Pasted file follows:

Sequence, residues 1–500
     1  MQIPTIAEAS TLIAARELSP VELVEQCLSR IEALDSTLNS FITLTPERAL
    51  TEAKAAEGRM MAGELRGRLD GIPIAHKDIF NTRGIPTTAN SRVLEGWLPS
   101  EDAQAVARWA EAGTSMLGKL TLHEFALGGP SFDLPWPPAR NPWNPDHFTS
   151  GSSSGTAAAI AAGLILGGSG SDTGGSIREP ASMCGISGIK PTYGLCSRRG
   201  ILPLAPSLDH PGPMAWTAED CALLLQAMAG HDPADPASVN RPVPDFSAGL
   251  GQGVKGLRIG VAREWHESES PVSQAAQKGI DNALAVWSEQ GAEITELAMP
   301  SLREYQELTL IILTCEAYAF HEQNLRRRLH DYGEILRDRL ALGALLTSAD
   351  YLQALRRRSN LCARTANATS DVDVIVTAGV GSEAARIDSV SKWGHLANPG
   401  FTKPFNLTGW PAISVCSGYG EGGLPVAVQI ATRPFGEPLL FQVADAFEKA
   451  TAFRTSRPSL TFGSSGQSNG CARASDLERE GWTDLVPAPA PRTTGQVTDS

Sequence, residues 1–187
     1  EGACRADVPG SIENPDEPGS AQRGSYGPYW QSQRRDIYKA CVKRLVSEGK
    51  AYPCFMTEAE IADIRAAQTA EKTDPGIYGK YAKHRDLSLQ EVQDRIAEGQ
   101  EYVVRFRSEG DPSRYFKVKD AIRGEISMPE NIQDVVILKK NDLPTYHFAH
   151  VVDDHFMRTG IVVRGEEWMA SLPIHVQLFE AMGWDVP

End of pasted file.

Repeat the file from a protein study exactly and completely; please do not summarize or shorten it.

Sequence, residues 1–500
     1  MQIPTIAEAS TLIAARELSP VELVEQCLSR IEALDSTLNS FITLTPERAL
    51  TEAKAAEGRM MAGELRGRLD GIPIAHKDIF NTRGIPTTAN SRVLEGWLPS
   101  EDAQAVARWA EAGTSMLGKL TLHEFALGGP SFDLPWPPAR NPWNPDHFTS
   151  GSSSGTAAAI AAGLILGGSG SDTGGSIREP ASMCGISGIK PTYGLCSRRG
   201  ILPLAPSLDH PGPMAWTAED CALLLQAMAG HDPADPASVN RPVPDFSAGL
   251  GQGVKGLRIG VAREWHESES PVSQAAQKGI DNALAVWSEQ GAEITELAMP
   301  SLREYQELTL IILTCEAYAF HEQNLRRRLH DYGEILRDRL ALGALLTSAD
   351  YLQALRRRSN LCARTANATS DVDVIVTAGV GSEAARIDSV SKWGHLANPG
   401  FTKPFNLTGW PAISVCSGYG EGGLPVAVQI ATRPFGEPLL FQVADAFEKA
   451  TAFRTSRPSL TFGSSGQSNG CARASDLERE GWTDLVPAPA PRTTGQVTDS

Sequence, residues 1–187
     1  EGACRADVPG SIENPDEPGS AQRGSYGPYW QSQRRDIYKA CVKRLVSEGK
    51  AYPCFMTEAE IADIRAAQTA EKTDPGIYGK YAKHRDLSLQ EVQDRIAEGQ
   101  EYVVRFRSEG DPSRYFKVKD AIRGEISMPE NIQDVVILKK NDLPTYHFAH
   151  VVDDHFMRTG IVVRGEEWMA SLPIHVQLFE AMGWDVP